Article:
The headline reads: “Wamalwa: Uhuru paid Ruto’s HIV treatment.”
Eugene Wamalwa is a Kenyan politician and the cabinet secretary for defence. Uhuru Kenyatta is the country’s president, and William Ruto is his number two.
A sentence below the headline adds: “DP [deputy president] Ruto has a rare aggressive HIV strain and has been attending clinical sessions in Turkey paid for by the president.”
Ruto is pictured with a blood pressure monitor on his upper arm.
The page, dated 14 July 2022, gives the reason why Kenyans should pay attention to the story: “As a sitting DP, Ruto’s health is matter of national concern.”
Ruto is also in the race to succeed his boss.
During campaigns leading up to the elections, the country's media landscape has grappled with a wave of false stories.
But did the paper really publish such a sensational story in its 14 July issue?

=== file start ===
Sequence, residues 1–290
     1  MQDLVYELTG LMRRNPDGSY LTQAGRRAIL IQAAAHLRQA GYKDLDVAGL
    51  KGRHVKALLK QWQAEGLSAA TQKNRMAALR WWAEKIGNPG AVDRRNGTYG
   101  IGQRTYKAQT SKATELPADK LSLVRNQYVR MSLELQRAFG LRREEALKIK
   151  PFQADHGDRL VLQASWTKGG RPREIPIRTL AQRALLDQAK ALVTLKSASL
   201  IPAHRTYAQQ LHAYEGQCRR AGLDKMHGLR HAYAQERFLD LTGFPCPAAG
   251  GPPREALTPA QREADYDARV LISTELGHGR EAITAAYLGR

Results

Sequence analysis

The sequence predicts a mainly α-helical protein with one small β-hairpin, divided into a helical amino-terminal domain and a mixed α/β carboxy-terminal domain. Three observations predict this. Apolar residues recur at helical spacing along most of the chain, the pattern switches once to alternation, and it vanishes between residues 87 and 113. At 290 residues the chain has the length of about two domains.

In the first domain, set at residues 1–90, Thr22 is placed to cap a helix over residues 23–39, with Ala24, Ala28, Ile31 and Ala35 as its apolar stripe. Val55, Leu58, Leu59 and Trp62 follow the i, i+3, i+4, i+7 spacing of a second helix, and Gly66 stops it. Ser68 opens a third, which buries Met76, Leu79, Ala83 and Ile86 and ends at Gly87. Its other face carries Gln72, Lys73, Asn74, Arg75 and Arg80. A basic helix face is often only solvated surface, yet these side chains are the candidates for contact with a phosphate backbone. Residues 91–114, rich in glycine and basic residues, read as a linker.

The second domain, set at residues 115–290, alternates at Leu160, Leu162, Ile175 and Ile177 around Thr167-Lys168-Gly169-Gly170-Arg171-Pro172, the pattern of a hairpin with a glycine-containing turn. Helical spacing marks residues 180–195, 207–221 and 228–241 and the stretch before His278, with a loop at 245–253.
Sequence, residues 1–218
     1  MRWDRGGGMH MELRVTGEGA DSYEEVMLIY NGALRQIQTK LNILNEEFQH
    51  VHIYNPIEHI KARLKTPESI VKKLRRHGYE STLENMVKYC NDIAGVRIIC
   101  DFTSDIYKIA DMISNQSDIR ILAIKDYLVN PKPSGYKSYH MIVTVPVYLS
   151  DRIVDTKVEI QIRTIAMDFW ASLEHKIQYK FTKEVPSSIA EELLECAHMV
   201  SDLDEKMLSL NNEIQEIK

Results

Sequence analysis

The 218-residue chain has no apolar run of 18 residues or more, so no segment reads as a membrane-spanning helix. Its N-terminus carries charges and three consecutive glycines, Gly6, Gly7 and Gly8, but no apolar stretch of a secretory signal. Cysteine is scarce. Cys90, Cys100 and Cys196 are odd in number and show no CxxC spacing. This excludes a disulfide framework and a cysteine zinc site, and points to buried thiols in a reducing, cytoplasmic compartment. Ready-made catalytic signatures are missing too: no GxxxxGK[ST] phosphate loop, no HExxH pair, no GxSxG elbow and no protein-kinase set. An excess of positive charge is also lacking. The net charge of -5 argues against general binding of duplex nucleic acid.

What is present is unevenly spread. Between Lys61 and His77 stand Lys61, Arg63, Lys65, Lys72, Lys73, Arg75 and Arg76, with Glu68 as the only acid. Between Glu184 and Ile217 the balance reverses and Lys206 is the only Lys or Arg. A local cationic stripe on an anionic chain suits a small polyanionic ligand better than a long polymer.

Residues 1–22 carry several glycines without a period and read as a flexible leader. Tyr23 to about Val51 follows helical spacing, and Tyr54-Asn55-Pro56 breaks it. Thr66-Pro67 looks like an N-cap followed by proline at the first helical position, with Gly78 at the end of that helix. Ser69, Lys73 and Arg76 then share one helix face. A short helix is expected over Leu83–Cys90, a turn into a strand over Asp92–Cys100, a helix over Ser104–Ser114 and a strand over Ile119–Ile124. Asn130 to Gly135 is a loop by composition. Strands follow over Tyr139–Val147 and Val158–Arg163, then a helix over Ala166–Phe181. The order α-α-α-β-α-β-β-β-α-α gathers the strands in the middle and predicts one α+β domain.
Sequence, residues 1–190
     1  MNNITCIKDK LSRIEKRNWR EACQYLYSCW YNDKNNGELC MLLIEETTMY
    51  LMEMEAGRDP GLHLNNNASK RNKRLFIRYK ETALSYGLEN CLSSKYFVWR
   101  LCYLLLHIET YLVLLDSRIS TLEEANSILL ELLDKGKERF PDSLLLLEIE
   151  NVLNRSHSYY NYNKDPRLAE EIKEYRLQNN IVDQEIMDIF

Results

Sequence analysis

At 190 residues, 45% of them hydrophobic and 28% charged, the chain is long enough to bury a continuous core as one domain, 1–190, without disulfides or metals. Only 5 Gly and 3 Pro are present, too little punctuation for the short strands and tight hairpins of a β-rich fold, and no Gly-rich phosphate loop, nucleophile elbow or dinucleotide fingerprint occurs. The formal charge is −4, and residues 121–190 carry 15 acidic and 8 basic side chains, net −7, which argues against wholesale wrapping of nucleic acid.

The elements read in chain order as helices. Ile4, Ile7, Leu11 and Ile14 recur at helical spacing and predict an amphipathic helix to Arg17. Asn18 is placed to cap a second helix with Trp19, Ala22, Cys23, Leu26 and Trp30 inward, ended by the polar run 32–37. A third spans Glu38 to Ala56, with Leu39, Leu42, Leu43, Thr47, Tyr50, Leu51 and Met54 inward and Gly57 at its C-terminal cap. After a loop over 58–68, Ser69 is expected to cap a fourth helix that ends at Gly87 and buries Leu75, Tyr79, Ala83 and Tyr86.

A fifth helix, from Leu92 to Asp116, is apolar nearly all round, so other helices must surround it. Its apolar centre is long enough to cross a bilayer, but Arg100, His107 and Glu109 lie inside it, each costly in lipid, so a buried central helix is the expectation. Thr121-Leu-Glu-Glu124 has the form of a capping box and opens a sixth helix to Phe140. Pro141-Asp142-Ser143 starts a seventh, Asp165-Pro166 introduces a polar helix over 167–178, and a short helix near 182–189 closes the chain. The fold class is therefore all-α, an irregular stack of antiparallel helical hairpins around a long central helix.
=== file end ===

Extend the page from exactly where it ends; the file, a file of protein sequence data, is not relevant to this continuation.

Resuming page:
Fabricated front page
On searching the e-paper section of the Star, we discovered that the 14 July edition had a different headline. This section shows how the newspaper appeared in print on the day.
The headline on the legitimate front page of 14 July 2022 is: “KU land tussle linked to control of hospital.”
KU is Kenyatta University, which has been in the public eye due to a land saga that roped in Kenyatta.
Dismissed by newspaper
“If it is not on our official pages, it is FAKE! Get the real copy by visiting http://mgazeti.com,” the paper wrote on Twitter.
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